Author: Charlotte Anthony | Category: Meet The Researcher | GSBS Alumni | Physiology & Pharmacology | March 20, 2015
Dr. Dustin Green, a graduate student in the Department of
Physiology, has just accepted a postdoctoral position at Johns Hopkins
Dr. Green will be working in Dr.
Xinzhong Dong’s lab where he
will continue to work with pain research.
“His lab offers some great tools that complement what I’ve
already learned and it will expand my career as a neuroscientist,” Dr. Green said.
“Being in that lab and being part of the Solomon
H. Snyder Department of Neuroscience allows me to be surrounded by world
leaders in neuroscience research.”
Dr. Green is currently working on research regarding the
mechanism of burn pain in Dr. Kenneth
“This is a devastating clinical problem,” Dr. Hargreaves
said. “Patients with burn injuries will endure pain that last for decades after
their injury and opiates provide very little effectiveness for patients with
Dr. Hargreaves explained that Dr. Green’s research has led to the
discovery of completely new mechanisms for burn pain.
“His very first paper on this topic he showed that a novel
drug reversed burn pain by 98 percent and doesn’t involve the use of addictive
compounds like opiates at all,” Dr. Hargreaves said. “By doing basic research on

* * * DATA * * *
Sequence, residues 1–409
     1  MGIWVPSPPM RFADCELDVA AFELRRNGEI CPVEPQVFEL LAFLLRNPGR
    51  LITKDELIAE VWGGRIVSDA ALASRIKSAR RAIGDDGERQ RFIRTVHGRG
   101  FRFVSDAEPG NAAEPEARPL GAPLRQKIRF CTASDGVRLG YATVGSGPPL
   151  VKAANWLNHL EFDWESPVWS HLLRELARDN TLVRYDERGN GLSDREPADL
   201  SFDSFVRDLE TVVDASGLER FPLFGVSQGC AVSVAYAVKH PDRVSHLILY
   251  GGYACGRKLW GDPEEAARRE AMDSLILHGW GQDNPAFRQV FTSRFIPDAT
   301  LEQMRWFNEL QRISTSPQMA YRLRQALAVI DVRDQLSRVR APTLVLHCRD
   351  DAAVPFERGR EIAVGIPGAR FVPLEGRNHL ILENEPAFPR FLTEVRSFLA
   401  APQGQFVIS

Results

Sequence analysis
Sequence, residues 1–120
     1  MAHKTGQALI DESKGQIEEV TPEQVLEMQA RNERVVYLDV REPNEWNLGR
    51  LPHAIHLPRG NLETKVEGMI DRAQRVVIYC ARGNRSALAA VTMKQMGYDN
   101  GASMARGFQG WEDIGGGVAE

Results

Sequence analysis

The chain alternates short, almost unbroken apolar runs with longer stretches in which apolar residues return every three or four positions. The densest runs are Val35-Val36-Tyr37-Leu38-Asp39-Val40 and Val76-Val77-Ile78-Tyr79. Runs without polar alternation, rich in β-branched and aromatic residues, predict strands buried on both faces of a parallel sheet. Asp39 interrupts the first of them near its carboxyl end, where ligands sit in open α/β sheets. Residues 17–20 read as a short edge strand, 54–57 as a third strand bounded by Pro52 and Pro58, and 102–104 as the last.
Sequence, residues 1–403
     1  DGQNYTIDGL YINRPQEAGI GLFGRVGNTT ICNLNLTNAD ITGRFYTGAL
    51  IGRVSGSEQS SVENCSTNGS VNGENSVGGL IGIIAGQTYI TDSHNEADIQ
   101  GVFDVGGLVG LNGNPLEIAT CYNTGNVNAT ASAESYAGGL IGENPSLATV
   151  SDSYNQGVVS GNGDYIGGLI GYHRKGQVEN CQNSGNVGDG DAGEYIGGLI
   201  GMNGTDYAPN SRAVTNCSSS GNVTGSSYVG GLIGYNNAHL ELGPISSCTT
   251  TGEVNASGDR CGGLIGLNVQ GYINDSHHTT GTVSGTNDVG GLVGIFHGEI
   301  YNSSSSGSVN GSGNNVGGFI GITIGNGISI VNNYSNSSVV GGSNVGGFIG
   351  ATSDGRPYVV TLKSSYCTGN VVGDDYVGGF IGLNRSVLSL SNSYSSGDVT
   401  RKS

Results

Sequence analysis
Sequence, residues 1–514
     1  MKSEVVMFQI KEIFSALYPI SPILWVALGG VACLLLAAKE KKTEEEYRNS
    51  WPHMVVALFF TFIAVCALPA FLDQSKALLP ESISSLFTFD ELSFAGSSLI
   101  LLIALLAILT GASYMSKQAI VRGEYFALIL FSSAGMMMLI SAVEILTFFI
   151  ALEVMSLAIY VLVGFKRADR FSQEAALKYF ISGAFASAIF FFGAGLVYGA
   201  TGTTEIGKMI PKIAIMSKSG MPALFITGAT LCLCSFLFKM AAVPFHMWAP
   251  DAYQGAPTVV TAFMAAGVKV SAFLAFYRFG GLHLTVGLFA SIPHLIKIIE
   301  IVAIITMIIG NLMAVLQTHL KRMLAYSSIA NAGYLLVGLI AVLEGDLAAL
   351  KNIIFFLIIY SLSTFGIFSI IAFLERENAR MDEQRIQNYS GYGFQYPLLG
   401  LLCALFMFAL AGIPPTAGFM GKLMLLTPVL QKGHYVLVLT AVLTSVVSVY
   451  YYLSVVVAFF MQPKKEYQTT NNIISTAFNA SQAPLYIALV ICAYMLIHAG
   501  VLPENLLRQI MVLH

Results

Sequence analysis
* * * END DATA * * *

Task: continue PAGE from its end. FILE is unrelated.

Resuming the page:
pain mechanisms, he was able to make a discovery that is directing us towards
treating us toward burn pain through non addictive drugs by looking at the
Dr. Hargreaves believes that pain is a unique area because it
encompasses all areas which will allow Green many opportunities for
“There is no Department of Pain at any university, instead
it’s bringing in psychiatrists, physiologists, pharmacologists, molecular
biologists, anatomists, pathologists together to focus on this common problem,” Dr. Hargreaves said. “Pain is the number one symptom that brings patients into
healthcare and is the unifying symptom that unites all of the disciplines at a
One of the reasons Dr. Green was attracted to Dr. Dong’s lab was
because of his collaborations with pharmaceutical companies.
“Studying chronic pain is a human disease so it’s
translational in the sense that the discoveries you make can immediately be
translated into pharmacological therapies,” Dr. Green said. “Dr. Dong’s
relationship with pharmaceutical companies helps him put many of the drugs he
is working on into the clinic which is a fascinating and rewarding aspect of
Dr. Green also explained that he is excited to be at Johns Hopkins University because of the proximity to major conferences.
“Conferences allow me to network with people it’s also an
avenue to show off your work,” he said. “Johns Hopkins is a well-connected
campus and it has a great neuroscience program with well-funded faculty and
that’s important to me because getting funding, collaborating and publishing in
high impact journals is part of my capital."
In addition to conferences, he is looking forward to
making new friends, meeting new people, and being in a new environment.
“I’m excited to move to a place with seasons,” he said.
“I’ve never experienced snow before so that will be an adventure.”
This article is part of the "Meet The Researcher" series which showcases researchers at the Graduate School of Biomedical Sciences at University of Texas Health Science Center San Antonio.
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